MY REVIEW 4 stars:
I’m a little confused…
Lol, I just walked away from my computer for like an hour and came back to this one sentence that I’d written to start my review, but then got distracted. I’m a little confused… Wow, talk about the truth!! Is it weird to say that most of the Stephen King books that I’ve read – left me feeling a little confused? And then I sit there, and think, and over analyze. Then, I ultimately decide that he made them confusing on purpose so that his readers would sit there, and think, and over analyze…. But for what? To realize that it’s all supposed to blur together and not make sense yet make total sense all at once… Does that make sense?
Rose Madder left me feeling a bit more confused than most, but in a new sort of way. It isn’t because too many knots are left untied, like in lots of King books. It’s more like a, ‘what the f**k just happened?’ sort of way. Dreams are supposed to be confusing, and yet, so are the odd places between reality and alternate dimensions where the people bouncing back and forth wind up with a whirlwind inside them that contains a bit of both worlds.
In Rose Madder there are two main characters. They’re a married couple named Norman and Rose, or Rosie, as her friends call her. Norman is a sadistically abusive man that has basically put her through hell for well over a decade. He beats her regularly, and some of the incidents that Rosie reveals along the way left me in tears! In my opinion, Norman is one of the worst of King’s (human) characters. Anyway, Rosie winds up finding the courage to escape and she does a pretty awesome job at staying low, taking the right busses and even finds a halfway house for abusive women. Unfortunately, Norman’s skills as a true blue detective get the better of her. He’s good – really good! About ¾ of the book is spent with Rosie trying to make herself a fresh start and stay hidden, and Norman is on a mission to track her down.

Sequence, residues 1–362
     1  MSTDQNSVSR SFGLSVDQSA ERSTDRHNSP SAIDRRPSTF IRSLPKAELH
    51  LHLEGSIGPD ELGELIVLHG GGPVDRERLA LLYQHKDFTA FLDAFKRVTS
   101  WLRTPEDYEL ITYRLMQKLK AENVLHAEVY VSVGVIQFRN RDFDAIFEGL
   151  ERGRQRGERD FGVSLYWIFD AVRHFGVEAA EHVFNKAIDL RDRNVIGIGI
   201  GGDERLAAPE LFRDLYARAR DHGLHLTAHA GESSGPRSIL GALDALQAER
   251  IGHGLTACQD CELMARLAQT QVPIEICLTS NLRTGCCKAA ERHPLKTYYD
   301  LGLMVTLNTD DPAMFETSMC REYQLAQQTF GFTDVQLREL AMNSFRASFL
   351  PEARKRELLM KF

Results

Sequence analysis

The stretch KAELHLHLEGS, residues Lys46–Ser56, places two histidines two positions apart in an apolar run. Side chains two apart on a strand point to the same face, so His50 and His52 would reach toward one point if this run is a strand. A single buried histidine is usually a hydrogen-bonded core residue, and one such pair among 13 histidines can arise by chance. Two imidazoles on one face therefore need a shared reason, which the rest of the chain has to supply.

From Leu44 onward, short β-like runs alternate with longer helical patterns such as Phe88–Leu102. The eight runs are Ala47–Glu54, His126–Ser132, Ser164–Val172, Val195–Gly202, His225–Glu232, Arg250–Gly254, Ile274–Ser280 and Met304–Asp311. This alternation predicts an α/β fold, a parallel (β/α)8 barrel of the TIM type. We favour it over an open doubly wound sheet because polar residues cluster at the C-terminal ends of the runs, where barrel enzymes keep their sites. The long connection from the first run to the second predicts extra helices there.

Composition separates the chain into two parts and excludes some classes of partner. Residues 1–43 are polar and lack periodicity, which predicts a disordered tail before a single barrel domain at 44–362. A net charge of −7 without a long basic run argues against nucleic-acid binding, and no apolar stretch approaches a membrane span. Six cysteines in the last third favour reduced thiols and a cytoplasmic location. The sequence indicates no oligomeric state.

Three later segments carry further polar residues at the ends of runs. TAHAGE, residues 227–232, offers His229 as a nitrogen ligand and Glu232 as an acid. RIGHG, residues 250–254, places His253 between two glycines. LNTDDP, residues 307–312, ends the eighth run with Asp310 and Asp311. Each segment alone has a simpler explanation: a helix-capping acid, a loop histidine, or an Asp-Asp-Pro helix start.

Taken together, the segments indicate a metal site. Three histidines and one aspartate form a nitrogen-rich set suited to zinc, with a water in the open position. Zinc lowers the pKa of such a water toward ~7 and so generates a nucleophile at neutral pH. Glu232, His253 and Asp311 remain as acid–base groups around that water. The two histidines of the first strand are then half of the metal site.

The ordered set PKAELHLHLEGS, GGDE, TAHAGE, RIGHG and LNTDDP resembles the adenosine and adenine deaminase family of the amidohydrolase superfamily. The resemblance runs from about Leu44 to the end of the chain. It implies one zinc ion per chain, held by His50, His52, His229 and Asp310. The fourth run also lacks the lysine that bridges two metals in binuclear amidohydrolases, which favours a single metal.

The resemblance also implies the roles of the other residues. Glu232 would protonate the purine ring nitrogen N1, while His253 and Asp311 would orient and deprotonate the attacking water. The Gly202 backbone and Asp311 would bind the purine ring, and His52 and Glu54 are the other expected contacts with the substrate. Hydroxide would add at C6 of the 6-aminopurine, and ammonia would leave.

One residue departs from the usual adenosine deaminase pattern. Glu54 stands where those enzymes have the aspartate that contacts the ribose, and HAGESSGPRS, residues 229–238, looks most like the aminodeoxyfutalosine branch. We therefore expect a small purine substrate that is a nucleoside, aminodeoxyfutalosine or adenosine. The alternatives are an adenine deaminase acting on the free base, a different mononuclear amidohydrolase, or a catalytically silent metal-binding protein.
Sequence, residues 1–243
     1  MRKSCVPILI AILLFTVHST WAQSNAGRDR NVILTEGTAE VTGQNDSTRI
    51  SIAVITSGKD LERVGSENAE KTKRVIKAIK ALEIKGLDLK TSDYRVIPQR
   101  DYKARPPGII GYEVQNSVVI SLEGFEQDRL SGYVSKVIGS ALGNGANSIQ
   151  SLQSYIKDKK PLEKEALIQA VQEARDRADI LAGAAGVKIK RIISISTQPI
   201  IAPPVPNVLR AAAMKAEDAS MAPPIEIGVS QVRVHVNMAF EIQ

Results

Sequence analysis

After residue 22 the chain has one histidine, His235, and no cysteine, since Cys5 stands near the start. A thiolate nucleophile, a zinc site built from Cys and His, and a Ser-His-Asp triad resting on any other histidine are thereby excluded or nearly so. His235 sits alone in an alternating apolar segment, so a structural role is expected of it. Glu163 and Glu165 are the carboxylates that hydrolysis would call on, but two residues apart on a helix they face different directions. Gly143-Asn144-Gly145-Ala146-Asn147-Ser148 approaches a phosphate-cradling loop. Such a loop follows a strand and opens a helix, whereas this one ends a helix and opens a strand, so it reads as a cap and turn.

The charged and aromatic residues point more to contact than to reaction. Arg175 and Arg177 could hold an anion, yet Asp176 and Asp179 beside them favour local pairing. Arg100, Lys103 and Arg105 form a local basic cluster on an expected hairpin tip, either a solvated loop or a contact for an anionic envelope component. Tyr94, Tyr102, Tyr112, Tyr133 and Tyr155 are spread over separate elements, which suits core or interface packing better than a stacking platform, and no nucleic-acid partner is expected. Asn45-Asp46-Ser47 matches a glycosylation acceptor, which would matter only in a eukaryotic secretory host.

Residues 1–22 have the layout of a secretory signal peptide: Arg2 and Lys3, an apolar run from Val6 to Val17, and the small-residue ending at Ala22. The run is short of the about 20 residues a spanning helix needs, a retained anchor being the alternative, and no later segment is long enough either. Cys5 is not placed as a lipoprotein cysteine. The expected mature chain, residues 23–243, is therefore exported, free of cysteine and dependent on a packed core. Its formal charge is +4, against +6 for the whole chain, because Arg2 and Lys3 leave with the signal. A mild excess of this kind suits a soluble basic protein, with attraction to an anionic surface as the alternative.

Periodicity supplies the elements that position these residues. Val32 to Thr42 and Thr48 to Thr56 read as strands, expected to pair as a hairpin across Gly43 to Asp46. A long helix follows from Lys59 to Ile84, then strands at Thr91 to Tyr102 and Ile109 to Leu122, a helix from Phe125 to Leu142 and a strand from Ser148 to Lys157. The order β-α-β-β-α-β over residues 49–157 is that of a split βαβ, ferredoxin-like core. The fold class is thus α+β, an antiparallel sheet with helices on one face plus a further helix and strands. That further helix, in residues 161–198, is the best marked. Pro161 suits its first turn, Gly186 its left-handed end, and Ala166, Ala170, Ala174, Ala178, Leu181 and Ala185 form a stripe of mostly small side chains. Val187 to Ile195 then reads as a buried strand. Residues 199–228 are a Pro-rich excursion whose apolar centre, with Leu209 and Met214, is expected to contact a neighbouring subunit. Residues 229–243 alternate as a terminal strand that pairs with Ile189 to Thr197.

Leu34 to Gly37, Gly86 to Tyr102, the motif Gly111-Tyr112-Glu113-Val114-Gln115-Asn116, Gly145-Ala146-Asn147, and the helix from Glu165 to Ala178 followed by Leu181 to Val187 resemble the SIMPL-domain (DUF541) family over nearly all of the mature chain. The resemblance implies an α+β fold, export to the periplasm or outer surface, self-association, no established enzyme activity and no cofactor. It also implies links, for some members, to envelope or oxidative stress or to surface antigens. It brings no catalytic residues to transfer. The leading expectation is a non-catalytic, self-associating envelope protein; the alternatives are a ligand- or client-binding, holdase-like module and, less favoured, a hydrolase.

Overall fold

While in hiding, Rosie finds a painting for her new apartment that contains some very significant details of the book that I shouldn’t really tell, as not to be a spoiler. She also meets a guy while she’s purchasing it. They hit it off, and despite her fear of relationships, and really just men in general, she decides to let him take her out. His name is Bill and he’s sweet, patient and extremely slow moving with Rosie which is both cheesy and refreshing. Norman, on the other hand, gets a big break from a bus station employee who remembers her route. From here things really pick up… and in true King fashion gets extremely super strange. It’s good strange, but definitely a weird strange, and as I mentioned at the beginning it’s just as confusing as it should be — which is awesome, yet all at the same time sucks, because now I’m left sitting here, thinking, and over analyzing, and that’s pretty dumb. 4 stars for me. I really loved the story and the characters, but I felt like it was missing something and I really hate to end such books on a lost note.
The #1 national bestseller about a woman who escapes an abusive marriage is “one of Stephen King’s most engrossing horror novels. Relentlessly paced and brilliantly orchestrated…fueled by an air of danger immediate and overwhelming” (Publishers Weekly).
Rosie Daniels leaves her husband, Norman, after fourteen years in an abusive marriage. She is determined to lose herself in a place where he won’t find her. She’ll worry about all the rest later.
Alone in a strange city, she begins to make a new life, and good things finally start to happen. Meeting Bill is one; and getting an apartment is another. Still, it’s hard for Rosie not to keep looking over her shoulder, and with good reason. Norman is a cop, with the instincts of a predator. He’s very good at finding people, even if he is losing his mind.
Fixed on revenge, Norman Daniels becomes a force of relentless terror and savageness, a man almost mythic in his monstrosity. For Rosie to survive, she must enter her own myth and become a woman she never knew she could be: Rose Madder.
“Riveting, engrossing…packed with suspense” (People), Stephen King infuses this novel with an edge-of-your-seat, chilling atmosphere. Rose Madder is “an eerie, remarkably mature and moving novel” (The Washington Post).